While the only official explanation has so far been that the decision was put on hold ‘for further consultation with local stakeholders’, it is also clear that some Nigerians might not see intra-African trade in the same way as, say, South Africans do. Nigerians have in the past been on the receiving end of South Africa’s strong economic drive on the continent – the cellphone giant MTN being one obvious example.
This was also one of the reasons given for strong opposition in Nigeria to Morocco’s application to join ECOWAS at the end of 2017. Morocco is one of the biggest investors on the continent, especially in West Africa – and there have been fears that greater access via ECOWAS agreements on free movement of people and goods could threaten local businesses in Nigeria.
Trade experts concur that in the long run, the AfCFTA can work for all, especially bigger economies
However Nigeria is also a major exporter and investor on the continent in financial services, manufactured goods, agricultural products and the like. Trade experts concur that in the long run, the AfCFTA can be a win-win for all, especially the bigger economies. Former United Nations Economic Commission for Africa head Carlos Lopes commented during the summit that Nigeria would come around on the trade agreement – although he later tweeted that it had missed a symbol of historic significance by not signing.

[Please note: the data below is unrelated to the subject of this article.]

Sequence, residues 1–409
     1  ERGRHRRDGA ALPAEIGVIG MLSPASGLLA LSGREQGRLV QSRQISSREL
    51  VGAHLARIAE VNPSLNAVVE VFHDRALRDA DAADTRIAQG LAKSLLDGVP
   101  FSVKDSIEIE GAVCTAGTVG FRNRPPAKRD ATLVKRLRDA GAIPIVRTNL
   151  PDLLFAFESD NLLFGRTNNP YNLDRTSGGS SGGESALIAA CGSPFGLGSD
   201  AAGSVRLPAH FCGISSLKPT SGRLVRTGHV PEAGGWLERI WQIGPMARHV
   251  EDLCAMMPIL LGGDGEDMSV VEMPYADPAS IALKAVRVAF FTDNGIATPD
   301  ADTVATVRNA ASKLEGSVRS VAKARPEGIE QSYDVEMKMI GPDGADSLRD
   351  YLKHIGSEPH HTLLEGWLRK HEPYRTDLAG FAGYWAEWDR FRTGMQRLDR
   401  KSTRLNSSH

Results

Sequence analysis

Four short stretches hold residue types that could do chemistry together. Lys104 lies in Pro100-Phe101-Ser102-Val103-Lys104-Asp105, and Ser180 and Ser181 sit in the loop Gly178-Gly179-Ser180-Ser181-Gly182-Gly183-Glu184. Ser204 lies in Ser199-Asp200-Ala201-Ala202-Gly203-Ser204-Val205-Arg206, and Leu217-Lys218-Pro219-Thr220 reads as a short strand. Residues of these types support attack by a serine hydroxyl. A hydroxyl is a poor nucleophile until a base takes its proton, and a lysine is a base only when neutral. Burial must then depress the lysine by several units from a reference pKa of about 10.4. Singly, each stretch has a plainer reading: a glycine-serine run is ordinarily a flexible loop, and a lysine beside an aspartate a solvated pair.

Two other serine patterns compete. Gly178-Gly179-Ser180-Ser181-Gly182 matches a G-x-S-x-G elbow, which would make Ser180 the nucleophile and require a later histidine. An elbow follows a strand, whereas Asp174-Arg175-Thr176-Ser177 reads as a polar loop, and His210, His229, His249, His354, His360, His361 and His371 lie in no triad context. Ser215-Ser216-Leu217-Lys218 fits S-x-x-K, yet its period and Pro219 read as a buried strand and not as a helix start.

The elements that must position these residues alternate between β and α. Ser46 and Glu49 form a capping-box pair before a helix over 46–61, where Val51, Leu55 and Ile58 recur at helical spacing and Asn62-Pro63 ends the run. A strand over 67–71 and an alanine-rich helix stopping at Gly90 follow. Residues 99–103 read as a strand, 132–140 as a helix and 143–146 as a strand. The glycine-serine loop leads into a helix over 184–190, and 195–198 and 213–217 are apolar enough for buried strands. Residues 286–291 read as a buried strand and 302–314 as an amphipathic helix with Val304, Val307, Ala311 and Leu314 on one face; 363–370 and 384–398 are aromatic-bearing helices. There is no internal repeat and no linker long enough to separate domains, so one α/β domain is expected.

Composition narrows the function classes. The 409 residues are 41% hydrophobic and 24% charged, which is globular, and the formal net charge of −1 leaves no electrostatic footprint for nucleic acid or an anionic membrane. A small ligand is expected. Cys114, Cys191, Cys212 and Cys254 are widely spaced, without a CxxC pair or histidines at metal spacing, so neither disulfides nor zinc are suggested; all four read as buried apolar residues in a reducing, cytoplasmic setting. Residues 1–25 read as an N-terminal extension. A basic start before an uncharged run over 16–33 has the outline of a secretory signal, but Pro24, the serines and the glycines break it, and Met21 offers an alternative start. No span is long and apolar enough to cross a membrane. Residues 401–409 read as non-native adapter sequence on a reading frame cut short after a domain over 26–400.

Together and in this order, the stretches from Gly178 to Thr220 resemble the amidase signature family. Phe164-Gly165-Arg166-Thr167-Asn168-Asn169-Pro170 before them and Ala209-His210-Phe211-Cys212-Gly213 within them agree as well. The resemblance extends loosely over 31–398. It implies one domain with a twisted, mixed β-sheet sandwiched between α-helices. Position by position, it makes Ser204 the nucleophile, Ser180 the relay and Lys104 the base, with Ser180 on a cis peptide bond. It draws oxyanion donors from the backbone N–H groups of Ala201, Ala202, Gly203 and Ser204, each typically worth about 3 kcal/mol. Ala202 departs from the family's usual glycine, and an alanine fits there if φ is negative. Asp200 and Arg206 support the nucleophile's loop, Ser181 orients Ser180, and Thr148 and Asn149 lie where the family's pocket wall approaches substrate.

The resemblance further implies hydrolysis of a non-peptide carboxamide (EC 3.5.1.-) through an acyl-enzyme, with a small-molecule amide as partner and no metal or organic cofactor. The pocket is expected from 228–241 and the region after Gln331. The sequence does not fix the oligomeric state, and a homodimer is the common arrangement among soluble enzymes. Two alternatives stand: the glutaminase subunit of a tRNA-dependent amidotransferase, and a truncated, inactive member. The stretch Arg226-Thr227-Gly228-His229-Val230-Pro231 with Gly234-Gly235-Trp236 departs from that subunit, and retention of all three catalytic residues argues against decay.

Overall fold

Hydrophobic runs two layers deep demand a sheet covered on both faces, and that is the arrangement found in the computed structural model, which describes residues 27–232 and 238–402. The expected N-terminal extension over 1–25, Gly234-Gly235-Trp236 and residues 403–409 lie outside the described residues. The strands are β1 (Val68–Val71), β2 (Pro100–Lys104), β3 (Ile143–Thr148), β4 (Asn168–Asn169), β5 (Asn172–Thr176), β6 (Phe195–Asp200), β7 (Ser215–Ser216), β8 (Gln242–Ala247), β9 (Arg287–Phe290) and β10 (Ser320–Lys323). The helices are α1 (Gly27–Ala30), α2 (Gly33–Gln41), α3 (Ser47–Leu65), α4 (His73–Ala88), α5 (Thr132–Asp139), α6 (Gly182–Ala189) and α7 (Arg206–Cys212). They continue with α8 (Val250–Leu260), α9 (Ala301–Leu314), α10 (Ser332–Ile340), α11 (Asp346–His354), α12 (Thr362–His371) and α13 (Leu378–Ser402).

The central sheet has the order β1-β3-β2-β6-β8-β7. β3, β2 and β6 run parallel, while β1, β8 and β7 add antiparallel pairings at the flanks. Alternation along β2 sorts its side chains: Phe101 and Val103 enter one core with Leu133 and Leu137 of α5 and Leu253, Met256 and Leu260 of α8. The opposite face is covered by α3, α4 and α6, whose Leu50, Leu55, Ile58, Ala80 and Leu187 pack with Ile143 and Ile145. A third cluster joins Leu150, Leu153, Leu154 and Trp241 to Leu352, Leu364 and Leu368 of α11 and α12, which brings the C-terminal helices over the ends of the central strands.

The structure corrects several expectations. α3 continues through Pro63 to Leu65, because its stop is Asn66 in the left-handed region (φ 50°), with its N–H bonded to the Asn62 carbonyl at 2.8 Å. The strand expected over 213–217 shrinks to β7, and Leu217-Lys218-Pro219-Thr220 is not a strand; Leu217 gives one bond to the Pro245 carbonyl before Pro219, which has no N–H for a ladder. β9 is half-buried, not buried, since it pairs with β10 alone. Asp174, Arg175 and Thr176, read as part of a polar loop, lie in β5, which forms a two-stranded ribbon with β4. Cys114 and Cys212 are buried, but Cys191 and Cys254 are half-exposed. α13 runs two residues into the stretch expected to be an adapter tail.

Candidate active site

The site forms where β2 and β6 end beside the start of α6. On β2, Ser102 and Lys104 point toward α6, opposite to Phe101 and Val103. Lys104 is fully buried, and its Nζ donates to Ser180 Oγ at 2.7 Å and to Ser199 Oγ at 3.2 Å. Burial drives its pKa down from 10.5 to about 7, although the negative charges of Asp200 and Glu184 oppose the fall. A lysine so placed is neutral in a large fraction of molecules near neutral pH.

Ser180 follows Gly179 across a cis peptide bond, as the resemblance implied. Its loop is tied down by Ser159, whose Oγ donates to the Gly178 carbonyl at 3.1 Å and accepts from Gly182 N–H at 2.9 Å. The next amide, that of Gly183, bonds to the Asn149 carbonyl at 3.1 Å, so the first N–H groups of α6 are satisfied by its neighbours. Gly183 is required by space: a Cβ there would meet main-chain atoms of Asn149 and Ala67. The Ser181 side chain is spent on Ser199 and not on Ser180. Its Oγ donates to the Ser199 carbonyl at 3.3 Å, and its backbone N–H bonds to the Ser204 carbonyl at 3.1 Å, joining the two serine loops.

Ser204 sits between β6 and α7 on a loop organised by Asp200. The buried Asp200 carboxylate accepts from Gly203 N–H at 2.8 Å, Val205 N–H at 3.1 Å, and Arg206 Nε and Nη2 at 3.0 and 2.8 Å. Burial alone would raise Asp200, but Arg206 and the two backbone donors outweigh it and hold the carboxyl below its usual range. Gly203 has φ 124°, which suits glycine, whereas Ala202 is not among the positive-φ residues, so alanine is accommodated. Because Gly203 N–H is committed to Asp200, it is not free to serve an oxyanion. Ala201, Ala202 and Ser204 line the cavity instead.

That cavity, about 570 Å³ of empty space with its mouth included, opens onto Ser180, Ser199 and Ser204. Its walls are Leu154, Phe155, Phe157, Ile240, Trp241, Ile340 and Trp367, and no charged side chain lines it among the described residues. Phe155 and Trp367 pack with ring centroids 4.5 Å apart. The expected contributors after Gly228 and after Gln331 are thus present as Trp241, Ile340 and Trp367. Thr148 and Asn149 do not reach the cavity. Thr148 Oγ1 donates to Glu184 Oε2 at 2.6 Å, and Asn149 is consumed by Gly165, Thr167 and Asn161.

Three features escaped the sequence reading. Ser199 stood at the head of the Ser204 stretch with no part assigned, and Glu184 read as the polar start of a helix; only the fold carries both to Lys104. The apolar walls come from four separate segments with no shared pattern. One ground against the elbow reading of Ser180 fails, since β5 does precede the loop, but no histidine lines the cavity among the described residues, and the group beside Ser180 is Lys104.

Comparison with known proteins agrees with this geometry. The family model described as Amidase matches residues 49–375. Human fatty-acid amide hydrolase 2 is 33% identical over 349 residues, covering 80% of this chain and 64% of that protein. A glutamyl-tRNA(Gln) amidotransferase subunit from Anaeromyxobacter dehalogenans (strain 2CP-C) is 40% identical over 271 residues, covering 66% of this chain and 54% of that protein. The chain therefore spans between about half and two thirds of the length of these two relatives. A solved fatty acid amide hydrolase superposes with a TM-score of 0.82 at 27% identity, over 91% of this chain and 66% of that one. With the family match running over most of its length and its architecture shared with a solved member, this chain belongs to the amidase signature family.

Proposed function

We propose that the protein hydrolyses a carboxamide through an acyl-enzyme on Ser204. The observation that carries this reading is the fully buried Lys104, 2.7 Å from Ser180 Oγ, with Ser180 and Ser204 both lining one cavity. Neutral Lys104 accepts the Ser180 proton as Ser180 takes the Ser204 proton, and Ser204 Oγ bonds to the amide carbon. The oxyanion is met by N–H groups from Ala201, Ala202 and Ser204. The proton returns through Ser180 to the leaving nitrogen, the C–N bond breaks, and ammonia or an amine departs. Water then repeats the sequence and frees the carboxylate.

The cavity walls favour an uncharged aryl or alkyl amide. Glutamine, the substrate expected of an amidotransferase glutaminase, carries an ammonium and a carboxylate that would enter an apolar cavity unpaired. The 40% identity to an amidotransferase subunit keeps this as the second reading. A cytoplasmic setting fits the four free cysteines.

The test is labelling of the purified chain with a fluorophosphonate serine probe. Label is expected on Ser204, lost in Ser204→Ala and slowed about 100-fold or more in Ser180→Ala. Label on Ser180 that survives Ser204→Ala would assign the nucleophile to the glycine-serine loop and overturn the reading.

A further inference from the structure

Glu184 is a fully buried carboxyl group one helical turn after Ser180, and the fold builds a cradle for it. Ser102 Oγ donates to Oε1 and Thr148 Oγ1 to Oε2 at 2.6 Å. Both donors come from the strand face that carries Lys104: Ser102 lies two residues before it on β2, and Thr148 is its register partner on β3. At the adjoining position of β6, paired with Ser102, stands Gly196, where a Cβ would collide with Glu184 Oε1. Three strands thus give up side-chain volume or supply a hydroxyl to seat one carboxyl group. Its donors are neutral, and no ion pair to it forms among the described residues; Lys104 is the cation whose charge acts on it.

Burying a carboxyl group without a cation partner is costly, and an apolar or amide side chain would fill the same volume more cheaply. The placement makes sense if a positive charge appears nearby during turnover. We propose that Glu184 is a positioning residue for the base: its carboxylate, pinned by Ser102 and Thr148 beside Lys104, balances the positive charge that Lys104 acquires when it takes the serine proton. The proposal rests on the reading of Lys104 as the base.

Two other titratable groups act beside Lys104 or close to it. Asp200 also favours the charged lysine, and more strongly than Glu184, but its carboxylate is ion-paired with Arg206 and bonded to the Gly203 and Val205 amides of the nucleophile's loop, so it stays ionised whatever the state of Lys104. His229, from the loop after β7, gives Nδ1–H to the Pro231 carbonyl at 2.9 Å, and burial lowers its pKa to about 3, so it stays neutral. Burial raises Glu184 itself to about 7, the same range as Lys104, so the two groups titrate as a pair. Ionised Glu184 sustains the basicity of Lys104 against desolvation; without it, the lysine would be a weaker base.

Clearly the two giants of sub-Saharan Africa, Nigeria and South Africa, both have a lot to gain from greater intra-African trade. In the past, strong cooperation between South Africa and Nigeria has led to major advances, such as the transformation of the Organisation of African Unity into the AU.
In his new book on Nigerian and South African foreign policy, The Eagle and the Springbok, University of Johannesburg Professor Adekeye Adebajo calls South Africa and Nigeria the two ‘Gullivers’ in their respective regions. After a ‘lost decade’ where ‘Africa’s indispensable bilateral relationship’ between South Africa and Nigeria was marked by competition and diplomatic squabbles, there is a need for greater cooperation between these African powers, together with others such as Algeria, Ethiopia or Angola, he says.